Dynamic, progressive, and free-spirited. These are the words commonly associated with Leipzig, the East German city from which this B2Beats duo hails, but they could also be used to describe the mix itself. Finely balancing soulful ’90s gems, rare grooves, and contemporary left field releases by the likes of Huerta, Wordcolour, and Rheji Burrell on Gerd Janson’s Running Back imprint, I$A and AGYENA flex their eclectic tastes in a new hour-long mix recorded in their shared flat.
AGYENA, who started out DJing in bars and clubs in his native city of Nuremberg, and is closely involved in the Bavarian electronic music festival Pulsår, moved to Leipzig two years ago after an interlude in Berlin. His flatmate I$A had already been a recognizable figure in the city’s electronic music scene since moving there eight years ago and was involved in the local female DJ crew G-edit before co-founding the nice4what collective. “Some may call it destiny,” AGYENA says, reflecting on moving in with someone who shares the same passion for electronic music, DJing, and club culture. In Leipzig, he continues, “I’m surrounded with lots of talented and inspirational people. It’s like a good party that you just can’t leave.”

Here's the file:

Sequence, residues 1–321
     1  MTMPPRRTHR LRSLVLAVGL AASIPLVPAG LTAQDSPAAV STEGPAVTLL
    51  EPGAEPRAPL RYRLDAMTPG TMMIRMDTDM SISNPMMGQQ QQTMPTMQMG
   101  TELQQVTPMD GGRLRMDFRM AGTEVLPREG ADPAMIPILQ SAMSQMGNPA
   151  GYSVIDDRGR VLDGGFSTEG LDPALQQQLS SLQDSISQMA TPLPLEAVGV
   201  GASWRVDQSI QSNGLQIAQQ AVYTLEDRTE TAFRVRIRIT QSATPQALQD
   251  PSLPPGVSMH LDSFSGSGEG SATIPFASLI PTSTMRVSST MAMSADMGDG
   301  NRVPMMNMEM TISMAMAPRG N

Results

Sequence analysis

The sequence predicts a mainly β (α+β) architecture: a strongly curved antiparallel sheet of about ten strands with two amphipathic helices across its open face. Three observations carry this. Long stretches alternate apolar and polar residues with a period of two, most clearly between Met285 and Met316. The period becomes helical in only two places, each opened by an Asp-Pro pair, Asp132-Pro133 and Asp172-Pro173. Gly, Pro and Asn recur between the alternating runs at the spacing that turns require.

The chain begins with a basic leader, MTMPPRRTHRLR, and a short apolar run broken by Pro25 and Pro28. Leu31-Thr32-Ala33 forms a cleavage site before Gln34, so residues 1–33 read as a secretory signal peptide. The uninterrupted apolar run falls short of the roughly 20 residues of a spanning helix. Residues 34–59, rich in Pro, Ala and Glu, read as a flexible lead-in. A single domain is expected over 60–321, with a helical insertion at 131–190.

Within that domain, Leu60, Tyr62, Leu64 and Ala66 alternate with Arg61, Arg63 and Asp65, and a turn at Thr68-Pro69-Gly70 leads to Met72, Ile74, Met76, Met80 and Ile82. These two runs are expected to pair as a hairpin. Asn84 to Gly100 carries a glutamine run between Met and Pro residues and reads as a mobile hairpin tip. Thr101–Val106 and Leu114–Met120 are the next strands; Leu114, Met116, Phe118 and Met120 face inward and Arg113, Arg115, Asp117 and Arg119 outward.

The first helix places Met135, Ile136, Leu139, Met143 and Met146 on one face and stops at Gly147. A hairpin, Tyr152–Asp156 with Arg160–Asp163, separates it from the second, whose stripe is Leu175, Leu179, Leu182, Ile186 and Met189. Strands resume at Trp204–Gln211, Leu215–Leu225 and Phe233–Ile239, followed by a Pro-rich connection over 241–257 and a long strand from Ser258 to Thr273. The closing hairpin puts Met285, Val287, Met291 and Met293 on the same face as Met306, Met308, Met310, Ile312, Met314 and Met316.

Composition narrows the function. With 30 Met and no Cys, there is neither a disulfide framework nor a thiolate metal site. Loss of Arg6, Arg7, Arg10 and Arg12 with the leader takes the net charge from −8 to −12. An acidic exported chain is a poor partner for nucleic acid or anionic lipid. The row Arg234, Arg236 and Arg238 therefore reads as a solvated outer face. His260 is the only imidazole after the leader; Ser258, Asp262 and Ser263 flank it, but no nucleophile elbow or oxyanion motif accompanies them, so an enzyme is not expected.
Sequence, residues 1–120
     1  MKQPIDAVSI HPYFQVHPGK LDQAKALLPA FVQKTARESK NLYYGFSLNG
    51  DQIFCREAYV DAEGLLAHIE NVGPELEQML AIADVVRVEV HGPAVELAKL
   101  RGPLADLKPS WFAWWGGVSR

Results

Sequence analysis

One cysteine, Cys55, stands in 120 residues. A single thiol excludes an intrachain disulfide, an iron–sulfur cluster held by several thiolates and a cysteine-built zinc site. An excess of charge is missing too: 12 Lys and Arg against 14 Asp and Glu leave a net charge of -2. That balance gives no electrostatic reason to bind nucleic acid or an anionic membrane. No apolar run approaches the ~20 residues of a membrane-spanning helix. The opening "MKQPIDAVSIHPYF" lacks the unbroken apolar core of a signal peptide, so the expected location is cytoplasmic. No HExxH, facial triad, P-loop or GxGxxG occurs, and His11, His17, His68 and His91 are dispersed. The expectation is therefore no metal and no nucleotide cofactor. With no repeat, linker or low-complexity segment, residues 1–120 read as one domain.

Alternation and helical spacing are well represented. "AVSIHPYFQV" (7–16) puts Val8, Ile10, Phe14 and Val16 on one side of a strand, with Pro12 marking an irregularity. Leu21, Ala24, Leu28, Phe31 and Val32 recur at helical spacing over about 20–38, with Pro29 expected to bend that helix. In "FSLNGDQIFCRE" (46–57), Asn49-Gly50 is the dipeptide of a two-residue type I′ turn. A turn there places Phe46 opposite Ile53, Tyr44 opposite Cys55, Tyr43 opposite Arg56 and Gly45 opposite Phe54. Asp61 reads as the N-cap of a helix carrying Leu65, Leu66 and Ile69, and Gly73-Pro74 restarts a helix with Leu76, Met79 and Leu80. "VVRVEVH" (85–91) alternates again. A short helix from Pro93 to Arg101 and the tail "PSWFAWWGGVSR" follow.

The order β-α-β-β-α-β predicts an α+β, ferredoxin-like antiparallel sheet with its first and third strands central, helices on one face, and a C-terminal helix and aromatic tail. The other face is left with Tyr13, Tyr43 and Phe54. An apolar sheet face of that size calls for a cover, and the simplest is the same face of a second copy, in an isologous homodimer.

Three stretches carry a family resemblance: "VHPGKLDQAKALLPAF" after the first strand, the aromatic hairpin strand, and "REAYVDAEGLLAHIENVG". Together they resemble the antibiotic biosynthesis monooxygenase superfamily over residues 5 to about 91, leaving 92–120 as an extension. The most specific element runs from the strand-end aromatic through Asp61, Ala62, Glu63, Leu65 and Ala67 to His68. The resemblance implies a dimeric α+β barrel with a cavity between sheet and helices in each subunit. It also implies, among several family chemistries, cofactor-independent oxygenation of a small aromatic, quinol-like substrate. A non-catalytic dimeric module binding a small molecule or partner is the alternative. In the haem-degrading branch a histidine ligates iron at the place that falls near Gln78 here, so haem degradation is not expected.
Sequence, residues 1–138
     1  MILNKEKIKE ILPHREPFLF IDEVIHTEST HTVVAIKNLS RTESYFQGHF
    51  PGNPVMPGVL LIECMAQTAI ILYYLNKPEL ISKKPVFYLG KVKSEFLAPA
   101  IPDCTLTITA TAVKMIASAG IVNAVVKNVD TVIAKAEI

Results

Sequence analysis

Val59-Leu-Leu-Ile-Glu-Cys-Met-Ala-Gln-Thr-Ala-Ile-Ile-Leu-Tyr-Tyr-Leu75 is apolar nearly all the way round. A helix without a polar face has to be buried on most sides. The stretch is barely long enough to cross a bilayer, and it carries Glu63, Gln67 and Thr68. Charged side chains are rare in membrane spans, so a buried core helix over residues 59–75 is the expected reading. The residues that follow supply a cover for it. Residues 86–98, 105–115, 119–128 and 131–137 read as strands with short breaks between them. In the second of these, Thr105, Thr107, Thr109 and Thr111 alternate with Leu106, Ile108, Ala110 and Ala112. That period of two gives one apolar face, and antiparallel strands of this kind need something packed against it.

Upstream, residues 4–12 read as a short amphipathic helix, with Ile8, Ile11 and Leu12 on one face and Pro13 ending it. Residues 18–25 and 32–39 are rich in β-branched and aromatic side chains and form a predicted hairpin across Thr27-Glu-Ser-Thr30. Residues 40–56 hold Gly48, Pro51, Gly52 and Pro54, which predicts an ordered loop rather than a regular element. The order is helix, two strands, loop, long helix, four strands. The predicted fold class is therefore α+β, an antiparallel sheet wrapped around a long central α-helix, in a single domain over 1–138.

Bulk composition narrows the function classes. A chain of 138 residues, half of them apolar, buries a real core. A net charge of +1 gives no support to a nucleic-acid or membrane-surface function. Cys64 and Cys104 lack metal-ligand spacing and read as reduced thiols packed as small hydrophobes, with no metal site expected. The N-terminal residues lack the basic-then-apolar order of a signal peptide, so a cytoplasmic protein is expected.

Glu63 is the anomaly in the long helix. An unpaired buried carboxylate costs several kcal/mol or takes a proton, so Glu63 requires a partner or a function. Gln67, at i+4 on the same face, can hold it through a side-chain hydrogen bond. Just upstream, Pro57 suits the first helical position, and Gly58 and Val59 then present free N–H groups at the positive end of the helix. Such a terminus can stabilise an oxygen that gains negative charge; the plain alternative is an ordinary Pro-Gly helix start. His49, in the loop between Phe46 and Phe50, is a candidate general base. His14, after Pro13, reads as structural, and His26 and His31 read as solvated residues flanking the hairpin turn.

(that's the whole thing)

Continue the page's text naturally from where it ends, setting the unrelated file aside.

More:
Despite the severe restrictions on club culture over the last year, both have remained committed to their practice, performing alongside Job Jobse at Institut fuer Zukunft’s United We Stream session, Club Quarantäne, HÖR, Else, and at a back-to-back set at the infamous Electric Weekender at Conne Island. In a more forgiving 2021, the two would have been set to play Nachtiville, the winter offshoot of one of Germany’s most revered raves, this weekend. Instead, I$A and AGYENA take us on a virtual trip through their choice selections that glide from old-school to new-school house, with sanguine melodies and a persistent groove showcasing their true passions behind the decks. Get to know.
Trans - 4M - Denicity
Marine Boy - La Monde Marine Part I
Huerta - Legwork
Manao - Estela
Ismistik - Flowcharts Remade
DJ Life - White Bricks
Random Factor - Undercurrent
Akwaaba - Flux
Wordcolour - Tell Me Something
Jocelyn Enriquez - A Little Bit Of Ecstasy
Tiago Walter - You Better Don't Stop
Carol Baley - Understand Me (Free Your Mind) (Instrumental Mix)
Dance Rhythm - Working It Out
Rheji Burell - Destiny